Likud lawmakers were fuming Sunday at Hatnua party leader Tzipi Livni over denigrating remarks she aimed at Prime Minister Benjamin Netanyahu the night before on a TV political satire show. One minister even accused Livni of being “on drugs.”
Livni, who was fired by Netanyahu from her post as justice minister last month and has since joined forces with the Labor Party ahead of March’s elections, appeared on “State of the Nation,” an Israeli political comedy show on Saturday night.
Referring to her arrangement with Labor leader Isaac Herzog, in which the two party leaders would rotate serving as prime minister should they form a government, Livni dissed Netanyahu by saying “Better two potential prime ministers than one impotent prime minister.”
She went on to jest that together, she and Herzog would share duties, such as washing the dishes and doing the laundry, before adding, in a clear reference to Netanyahu: “But both of us would take out the trash together.”
In one final jab, Livni addressed Netanyahu’s cause for dissolving the government, which he said was, in part, intractable disagreement within the government over then-finance minister Yair Lapid’s bill to offer value-added-tax-free apartments to first-time homeowners.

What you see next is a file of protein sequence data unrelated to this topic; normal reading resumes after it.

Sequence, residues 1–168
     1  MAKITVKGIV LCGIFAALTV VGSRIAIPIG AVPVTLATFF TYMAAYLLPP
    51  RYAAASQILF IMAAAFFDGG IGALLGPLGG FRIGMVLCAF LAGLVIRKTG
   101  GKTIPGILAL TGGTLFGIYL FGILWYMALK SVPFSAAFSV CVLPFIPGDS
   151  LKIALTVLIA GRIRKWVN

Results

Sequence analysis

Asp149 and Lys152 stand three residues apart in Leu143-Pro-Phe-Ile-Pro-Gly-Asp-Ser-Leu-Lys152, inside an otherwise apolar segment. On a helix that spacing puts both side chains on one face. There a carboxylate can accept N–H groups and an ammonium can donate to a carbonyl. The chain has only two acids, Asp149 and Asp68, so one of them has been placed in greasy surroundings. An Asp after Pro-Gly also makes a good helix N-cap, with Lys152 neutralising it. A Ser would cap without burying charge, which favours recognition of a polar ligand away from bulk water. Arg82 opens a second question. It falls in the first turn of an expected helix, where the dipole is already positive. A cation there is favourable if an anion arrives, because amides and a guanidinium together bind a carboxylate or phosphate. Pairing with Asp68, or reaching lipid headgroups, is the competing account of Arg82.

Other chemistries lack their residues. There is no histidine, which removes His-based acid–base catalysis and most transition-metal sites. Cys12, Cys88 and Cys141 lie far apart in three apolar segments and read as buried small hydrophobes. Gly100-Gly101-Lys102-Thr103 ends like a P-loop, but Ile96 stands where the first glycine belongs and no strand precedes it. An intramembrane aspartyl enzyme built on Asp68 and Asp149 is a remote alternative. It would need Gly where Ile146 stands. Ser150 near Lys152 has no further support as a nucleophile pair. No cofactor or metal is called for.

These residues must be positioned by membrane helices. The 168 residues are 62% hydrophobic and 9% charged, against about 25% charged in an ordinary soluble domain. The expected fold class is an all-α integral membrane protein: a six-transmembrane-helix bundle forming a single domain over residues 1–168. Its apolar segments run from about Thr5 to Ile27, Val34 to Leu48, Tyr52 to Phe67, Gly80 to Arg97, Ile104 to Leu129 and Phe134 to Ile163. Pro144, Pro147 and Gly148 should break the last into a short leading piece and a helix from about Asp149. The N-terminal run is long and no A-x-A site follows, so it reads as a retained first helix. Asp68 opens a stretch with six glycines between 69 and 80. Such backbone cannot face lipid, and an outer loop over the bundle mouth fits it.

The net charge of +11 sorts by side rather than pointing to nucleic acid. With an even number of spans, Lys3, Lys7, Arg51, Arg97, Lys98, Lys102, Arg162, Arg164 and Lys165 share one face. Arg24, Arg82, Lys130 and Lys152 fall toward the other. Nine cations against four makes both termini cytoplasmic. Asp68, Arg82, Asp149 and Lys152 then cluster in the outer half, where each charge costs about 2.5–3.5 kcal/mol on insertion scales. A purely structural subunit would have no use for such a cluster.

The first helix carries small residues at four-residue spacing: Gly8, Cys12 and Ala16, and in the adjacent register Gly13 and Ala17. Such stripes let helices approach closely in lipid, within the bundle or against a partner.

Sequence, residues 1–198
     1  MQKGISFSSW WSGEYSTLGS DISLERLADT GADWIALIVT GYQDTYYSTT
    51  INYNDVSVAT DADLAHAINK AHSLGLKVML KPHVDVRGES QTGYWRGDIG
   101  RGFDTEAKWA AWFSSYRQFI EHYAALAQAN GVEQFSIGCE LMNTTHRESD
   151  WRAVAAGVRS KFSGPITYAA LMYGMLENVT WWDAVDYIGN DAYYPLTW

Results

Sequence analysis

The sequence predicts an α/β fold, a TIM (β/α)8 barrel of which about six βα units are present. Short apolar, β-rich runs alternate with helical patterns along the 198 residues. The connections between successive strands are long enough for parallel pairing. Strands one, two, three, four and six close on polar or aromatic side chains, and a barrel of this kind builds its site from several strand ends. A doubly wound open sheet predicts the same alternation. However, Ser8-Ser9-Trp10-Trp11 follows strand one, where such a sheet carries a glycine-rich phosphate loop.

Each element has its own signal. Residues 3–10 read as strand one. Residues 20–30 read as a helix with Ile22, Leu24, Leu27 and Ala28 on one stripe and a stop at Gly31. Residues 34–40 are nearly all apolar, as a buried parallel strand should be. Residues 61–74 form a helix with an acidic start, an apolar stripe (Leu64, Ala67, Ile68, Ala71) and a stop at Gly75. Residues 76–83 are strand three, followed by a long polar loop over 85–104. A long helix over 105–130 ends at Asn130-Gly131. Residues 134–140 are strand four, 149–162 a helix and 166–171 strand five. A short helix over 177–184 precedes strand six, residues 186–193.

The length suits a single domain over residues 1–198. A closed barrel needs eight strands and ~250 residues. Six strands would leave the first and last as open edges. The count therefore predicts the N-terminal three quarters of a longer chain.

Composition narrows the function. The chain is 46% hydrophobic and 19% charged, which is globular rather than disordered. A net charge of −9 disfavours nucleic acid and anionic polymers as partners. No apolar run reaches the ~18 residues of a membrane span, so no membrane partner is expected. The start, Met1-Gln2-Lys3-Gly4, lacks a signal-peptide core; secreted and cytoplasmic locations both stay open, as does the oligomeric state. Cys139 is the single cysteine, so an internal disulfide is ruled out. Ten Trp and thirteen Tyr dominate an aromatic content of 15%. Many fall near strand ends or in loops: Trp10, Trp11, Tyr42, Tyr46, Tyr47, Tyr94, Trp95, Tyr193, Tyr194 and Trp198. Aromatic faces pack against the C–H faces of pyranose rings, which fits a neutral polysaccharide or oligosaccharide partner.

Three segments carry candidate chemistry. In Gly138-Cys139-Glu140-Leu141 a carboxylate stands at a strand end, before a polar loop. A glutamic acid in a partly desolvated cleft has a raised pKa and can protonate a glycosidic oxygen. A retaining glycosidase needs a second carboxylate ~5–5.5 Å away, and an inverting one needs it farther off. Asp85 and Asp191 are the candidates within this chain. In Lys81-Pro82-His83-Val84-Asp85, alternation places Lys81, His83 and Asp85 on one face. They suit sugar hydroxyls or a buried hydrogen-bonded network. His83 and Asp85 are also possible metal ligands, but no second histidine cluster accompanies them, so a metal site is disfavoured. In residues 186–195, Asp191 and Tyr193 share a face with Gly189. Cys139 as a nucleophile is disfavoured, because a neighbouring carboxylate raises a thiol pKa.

“The truth is that Bibi [Netanyahu] said that we’re going to elections over zero VAT,” she said. “I thought there was a zero in this story, but it’s not VAT.”
An apparently incensed Transportation Minister Yisrael Katz responded to Livni’s remarks on Sunday morning, asking, “Is Livni on drugs?
“Yesterday we saw a bizarre figure who hurled unprecedented insults at the prime minister,” Katz said. He charged that “ever since she lost contact with [Palestinian Authority President Mahmoud Abbas] she’s been out of whack. Addicted to contact with Palestinians — she can’t kick the habit.”
Likud MK Miri Regev also commented on Facebook on Livni’s remarks, joking that the former justice minister was a “demolitions contractor.”
“She’s having a hard time finding a junkyard that will accept the garbage that she’s left after her in the last few Knessets,” Regev remarked. “I say this in the name of freedom of satire in response to the not-funny things she said on ‘State of the Nation.'”